Latest from Materials

Thiti Tangjitsangiem | Dreamstime
'Availability of new foundry sand is already becoming a challenge, along with the need of providing new solutions to waste management,” according to the director of a metallurgical research center.
Branimir Ritonja | Dreamstime
Automotive cast parts.
Seesea | Dreamstime
Fire photo
Jacek Sopotnicki | Dreamstime
With deoxidized base iron, carbon levels can be increased to 3.30% C and alloying can be completely or nearly eliminated at the same time.

Oshkosh, Eck Industries Join Nanotech Research

Jan. 21, 2010
NIST-funded program aims for large, lightweight castings for trucks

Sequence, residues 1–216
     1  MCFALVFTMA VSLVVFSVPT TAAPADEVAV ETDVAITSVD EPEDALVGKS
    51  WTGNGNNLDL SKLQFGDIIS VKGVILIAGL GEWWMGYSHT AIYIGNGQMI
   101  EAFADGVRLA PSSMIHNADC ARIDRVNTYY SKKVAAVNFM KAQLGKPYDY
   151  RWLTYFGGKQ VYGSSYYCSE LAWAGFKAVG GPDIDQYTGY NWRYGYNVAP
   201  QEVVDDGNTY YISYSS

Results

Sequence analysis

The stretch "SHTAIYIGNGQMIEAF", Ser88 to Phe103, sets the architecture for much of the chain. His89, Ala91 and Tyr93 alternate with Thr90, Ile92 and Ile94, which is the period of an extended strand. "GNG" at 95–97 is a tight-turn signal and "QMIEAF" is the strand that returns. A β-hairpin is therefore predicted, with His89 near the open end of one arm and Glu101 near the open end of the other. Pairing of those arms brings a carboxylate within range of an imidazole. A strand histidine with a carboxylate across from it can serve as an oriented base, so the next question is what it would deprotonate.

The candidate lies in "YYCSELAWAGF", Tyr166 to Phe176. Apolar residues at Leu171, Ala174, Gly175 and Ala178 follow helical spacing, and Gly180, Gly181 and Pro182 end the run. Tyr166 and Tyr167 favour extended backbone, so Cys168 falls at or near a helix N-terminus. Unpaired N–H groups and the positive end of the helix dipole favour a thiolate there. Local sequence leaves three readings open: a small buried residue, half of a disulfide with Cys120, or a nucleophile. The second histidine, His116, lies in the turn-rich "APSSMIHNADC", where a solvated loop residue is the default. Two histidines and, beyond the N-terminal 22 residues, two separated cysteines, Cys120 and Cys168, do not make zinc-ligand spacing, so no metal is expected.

Specialty truck builder Oshkosh Corp. reports it will be part of a National Institute of Standards and Technology joint-development team to research and develop, and produce, lighter aluminum and magnesium castings “that will have the strength of cast steel, for commercial production.” NIST is a division of the U.S. Dept. of Commerce Its Technology Innovation Program (TIP) is funded at nearly $5 million over five years, with the team providing in-kind contribution of engineering resources, bringing the project’s total value to approximately $10 million. Other members of the research team include Eck Industries Inc., a Manitowoc, WI, aluminum foundry; Nanostructured & Amorphous Materials Inc., of Houston; and the Wisconsin Alumni Research Foundation (WARF) of Madison, WI. Wisconsin-based Oshkosh stated that NIST’s funding will allow it (and its partners) to explore the use of nanocomposites beyond their current use, taking their applications from simple molded parts into larger, complex metal castings. “The work will expand on laboratory tests conducted by the team’s project leader, the University of Wisconsin-Madison,” Oshkosh explained. Recently, NIST allocated $71 million to 20 different projects it identifies as “innovative, high-risk research in new technologies that address critical national needs,” and involving various emerging manufacturing concepts. Its grant to an interdisciplinary team of researchers led by University of Wisconsin-Madison mechanical engineering professor Xiaochun Li was reported to total $10.1-million over five years. Due to their microscopically small size, nanoparticles are difficult to disperse homogeneously throughout a casting. The research aims to develop a casting technology that allows light metals to be strengthened with nanoparticles in large-scale production. “The NIST’s TIP awards are not just an honor to receive, but proof of Oshkosh’s position at the cutting edge of manufacturing technology and innovation,” stated Donald H. Verhoff, Oshkosh Corporation executive vice president of technology. “Staying at the forefront of technological innovation allows us to better serve our customers and to compete in the global marketplace.” Oshkosh expressed confidence that the research will benefit defense and commercial truck manufacturing, and “enable transformative changes in multiple industries, directly address the critical national needs of reducing oil dependency, lower greenhouse gas emissions and help maintain U.S. leadership in manufacturing.”